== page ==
GCC’s e-commerce sector set to reach $50bn by 2025
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GCC’s e-commerce sector set to reach $50bn by 2025

GCC’s e-commerce sector set to reach $50bn by 2025

Businesses in the retail sector must make the online transition to firmly position themselves in the post-Covid retail revival


The e-commerce sector in the GCC is set to reach $50bn by 2025, on the back of strong growth driven by the Covid-19 pandemic.

According to a report by Kearney Middle East, the same growth that was expected to occur prior to the pandemic has now accelerated at a larger rate and clearly showcases the impact of the virus on the retail sector.

Businesses, which had not begun their digital transition, now find themselves rushing to create an online base for themselves so as to not lose out on future business opportunities.

With the shift of the retail space, consumers have adapted to online marketplaces and will associate this as the new normal during and post-Covid, the report stated.

It forecasts a larger acceleration in e-commerce between 2020 and 2022, at 20 per cent CAGR, and a gradual growth at 14 per cent until 2025.

“In our last e-commerce outlook for the GCC in 2017, we forecasted growth of 35 per cent CAGR, which was essentially more than a four-fold jump in value for the sector between 2015 and 2020,” said Adel Belcaid, partner at Kearney Middle East.

“By the end of 2019, it was worth just short of $18bn, with signs of maturing growth and intense market competition. However, Covid-19 caused an unforeseen push and gave a new, accelerated lease of life to the sector, in line with what we have seen in global markets.

“This is due to a rapid change in consumer behaviour, with unprecedented adoption of e-commerce by all population segments, spurred, to a large extent by the new normal of social distancing, lock-downs and reduced capacity in physical stores,” he added.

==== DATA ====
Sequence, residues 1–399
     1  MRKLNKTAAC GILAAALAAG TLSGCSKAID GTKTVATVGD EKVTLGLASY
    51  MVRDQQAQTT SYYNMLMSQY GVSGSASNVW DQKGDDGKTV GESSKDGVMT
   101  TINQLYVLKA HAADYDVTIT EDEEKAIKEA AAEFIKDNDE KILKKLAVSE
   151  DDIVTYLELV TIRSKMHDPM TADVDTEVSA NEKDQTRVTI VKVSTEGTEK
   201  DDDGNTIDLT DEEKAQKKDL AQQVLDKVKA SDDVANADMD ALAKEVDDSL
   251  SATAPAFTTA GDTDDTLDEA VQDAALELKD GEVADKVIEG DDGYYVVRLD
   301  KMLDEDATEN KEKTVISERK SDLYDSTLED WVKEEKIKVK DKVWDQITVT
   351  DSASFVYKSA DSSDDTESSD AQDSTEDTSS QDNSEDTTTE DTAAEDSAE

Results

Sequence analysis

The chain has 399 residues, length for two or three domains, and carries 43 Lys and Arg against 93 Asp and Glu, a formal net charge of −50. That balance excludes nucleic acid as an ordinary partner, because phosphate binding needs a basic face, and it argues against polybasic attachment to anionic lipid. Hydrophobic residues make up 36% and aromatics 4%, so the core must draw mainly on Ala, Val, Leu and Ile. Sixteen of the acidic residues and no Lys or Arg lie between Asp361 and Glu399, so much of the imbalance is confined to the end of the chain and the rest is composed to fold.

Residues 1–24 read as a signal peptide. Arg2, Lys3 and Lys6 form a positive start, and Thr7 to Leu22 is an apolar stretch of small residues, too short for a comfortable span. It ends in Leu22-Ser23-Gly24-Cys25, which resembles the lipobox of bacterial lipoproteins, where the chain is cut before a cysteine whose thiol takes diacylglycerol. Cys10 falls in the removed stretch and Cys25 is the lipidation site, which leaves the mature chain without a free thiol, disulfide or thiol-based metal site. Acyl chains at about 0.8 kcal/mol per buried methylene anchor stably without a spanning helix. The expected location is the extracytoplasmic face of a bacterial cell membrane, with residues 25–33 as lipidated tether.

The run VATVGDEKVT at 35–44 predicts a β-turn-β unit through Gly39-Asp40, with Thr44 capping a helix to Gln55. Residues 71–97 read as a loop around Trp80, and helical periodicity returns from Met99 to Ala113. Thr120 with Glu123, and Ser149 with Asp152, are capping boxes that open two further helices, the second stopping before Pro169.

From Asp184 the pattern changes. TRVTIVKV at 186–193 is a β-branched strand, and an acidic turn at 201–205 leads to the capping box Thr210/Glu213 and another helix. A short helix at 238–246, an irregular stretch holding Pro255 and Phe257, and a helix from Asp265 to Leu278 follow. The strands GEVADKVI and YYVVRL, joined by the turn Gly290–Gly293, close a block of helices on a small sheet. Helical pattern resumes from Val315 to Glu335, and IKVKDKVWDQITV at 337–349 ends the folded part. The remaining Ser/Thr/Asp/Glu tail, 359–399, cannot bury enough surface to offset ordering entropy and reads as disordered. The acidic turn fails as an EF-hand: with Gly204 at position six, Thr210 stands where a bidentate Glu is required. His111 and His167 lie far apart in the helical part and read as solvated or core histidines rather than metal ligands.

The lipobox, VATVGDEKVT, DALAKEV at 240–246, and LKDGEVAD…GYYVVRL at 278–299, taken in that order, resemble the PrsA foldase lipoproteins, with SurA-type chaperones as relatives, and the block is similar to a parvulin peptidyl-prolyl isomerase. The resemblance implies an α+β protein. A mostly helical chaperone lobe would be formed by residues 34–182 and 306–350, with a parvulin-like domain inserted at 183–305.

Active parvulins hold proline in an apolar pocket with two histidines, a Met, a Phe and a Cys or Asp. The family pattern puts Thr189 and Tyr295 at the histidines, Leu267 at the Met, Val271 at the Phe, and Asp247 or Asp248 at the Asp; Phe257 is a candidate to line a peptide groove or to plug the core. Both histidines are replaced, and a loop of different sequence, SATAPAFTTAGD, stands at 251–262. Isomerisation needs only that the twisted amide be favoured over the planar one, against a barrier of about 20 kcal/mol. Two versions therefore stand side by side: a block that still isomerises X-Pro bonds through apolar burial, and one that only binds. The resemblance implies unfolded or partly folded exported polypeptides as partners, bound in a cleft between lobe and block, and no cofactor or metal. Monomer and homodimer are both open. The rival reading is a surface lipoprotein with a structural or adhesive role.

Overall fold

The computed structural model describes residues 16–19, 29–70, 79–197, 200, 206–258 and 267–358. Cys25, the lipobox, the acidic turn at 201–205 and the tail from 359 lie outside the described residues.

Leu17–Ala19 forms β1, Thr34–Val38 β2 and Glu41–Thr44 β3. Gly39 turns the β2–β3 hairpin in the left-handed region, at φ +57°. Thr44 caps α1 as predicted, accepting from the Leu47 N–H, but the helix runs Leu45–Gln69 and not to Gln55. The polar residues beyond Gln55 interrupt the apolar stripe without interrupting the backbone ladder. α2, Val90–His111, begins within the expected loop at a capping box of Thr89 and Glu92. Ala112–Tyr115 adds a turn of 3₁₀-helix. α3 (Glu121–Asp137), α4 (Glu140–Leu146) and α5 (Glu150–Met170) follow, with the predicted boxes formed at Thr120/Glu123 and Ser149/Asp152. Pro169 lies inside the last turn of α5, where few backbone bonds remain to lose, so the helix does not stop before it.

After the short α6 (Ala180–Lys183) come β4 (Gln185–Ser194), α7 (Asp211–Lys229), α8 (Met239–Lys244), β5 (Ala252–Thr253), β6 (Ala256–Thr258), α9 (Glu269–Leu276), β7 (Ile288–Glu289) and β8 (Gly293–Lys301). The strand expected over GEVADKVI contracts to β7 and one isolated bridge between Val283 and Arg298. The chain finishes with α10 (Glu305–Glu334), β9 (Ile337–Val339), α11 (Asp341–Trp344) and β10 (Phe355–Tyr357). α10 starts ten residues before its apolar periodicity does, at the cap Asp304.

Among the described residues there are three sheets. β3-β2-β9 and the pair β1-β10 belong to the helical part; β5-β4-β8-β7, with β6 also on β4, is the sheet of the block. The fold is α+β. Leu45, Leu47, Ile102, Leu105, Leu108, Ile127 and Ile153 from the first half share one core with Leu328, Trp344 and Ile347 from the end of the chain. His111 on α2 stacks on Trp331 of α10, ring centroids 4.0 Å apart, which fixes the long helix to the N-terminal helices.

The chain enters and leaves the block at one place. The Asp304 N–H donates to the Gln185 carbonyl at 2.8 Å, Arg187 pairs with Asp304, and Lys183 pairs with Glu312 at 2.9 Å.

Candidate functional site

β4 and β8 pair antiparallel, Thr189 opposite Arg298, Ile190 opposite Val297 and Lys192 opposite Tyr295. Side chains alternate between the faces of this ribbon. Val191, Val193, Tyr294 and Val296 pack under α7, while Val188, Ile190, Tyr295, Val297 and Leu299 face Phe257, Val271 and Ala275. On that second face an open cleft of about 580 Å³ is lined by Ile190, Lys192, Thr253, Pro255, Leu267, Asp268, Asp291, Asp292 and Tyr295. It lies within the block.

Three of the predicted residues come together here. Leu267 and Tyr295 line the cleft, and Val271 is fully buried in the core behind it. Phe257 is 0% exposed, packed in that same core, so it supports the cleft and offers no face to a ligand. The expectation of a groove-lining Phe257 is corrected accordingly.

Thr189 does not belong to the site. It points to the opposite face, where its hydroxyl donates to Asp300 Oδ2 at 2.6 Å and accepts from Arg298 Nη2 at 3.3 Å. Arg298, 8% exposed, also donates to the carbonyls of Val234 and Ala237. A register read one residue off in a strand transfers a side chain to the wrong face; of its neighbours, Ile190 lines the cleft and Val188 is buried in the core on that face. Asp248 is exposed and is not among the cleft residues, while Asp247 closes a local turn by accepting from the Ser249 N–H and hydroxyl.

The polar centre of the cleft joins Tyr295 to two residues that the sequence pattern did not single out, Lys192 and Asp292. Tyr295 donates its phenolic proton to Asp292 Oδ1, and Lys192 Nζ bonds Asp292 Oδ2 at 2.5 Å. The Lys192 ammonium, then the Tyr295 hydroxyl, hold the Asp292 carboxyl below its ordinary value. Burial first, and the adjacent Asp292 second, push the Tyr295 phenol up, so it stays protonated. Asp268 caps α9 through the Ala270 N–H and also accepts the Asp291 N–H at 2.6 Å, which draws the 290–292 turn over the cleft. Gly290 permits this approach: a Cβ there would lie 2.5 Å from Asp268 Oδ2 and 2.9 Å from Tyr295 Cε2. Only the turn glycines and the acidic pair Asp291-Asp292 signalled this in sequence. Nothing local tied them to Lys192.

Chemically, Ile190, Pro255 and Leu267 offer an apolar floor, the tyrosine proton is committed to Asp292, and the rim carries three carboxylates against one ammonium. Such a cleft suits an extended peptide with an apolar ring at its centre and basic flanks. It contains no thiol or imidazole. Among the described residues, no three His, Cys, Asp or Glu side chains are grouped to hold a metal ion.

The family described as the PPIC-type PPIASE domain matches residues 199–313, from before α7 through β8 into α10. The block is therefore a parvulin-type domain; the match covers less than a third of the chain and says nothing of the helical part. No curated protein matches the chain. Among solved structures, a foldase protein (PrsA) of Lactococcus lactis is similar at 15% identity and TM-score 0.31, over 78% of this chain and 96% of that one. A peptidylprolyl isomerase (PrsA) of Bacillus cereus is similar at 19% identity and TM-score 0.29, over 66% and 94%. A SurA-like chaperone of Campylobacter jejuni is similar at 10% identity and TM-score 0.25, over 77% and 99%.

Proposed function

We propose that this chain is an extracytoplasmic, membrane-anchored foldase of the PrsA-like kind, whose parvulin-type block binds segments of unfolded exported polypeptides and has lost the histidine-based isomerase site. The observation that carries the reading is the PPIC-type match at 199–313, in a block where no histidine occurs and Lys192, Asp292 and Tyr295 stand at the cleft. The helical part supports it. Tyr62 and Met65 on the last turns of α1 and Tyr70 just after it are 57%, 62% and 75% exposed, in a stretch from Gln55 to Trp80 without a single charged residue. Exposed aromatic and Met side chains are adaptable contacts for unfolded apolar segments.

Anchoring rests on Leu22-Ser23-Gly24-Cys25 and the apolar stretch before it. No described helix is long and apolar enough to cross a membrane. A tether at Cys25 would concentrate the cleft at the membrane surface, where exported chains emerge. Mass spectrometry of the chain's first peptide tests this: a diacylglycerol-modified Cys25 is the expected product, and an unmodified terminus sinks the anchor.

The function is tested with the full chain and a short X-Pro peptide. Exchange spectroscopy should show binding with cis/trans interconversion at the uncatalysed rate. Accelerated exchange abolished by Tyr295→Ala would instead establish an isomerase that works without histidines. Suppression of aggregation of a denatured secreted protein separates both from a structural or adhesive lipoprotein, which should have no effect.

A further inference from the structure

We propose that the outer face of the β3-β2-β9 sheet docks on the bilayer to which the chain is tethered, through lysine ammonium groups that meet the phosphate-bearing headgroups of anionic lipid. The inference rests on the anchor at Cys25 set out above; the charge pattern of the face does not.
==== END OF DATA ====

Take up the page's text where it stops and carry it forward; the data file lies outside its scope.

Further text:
The report indicates that the rapid shift for major retail groups has also caused a ripple effect for real estate and small and medium enterprises (SMEs) operating in the same sector.

However, the impact of the pandemic does not appear to have the same effect on commercial real estate and SMEs, who have had a difficult time adapting to the new challenges within the retail ecosystem.

Small businesses, in particular, are struggling to compete with the rise of pure play e-commerce marketplaces, calculated investments by retail giants to dominate the online advertising space, and the ever-declining sales of physical stores, the report found.

An earlier survey conducted by Kearney Middle East indicated that barely 40 per cent of SMEs made the investment to transition online, while less than 5 per cent had planned to make the move in the future.

“The projected growth in GCC e-commerce rests on crucial factors like the logistics infrastructure, flexible manpower models and centrally governed policies,” explained Debashish Mukherjee, partner, Kearney Middle East.

“All stakeholders should take note and revisit their strategies, operating models and policies to adapt and make the best of this e-commerce driven new normal,” he said.

Those who have transitioned have “weathered the storm” while those who fail to make the required changes and investments will be “sidelined and put their very survival in question”, Mukherjee added.

The immense shift in dynamic will leave retail groups questioning the importance of their physical assets, distribution methods, and cost structure for the future, the report stressed.

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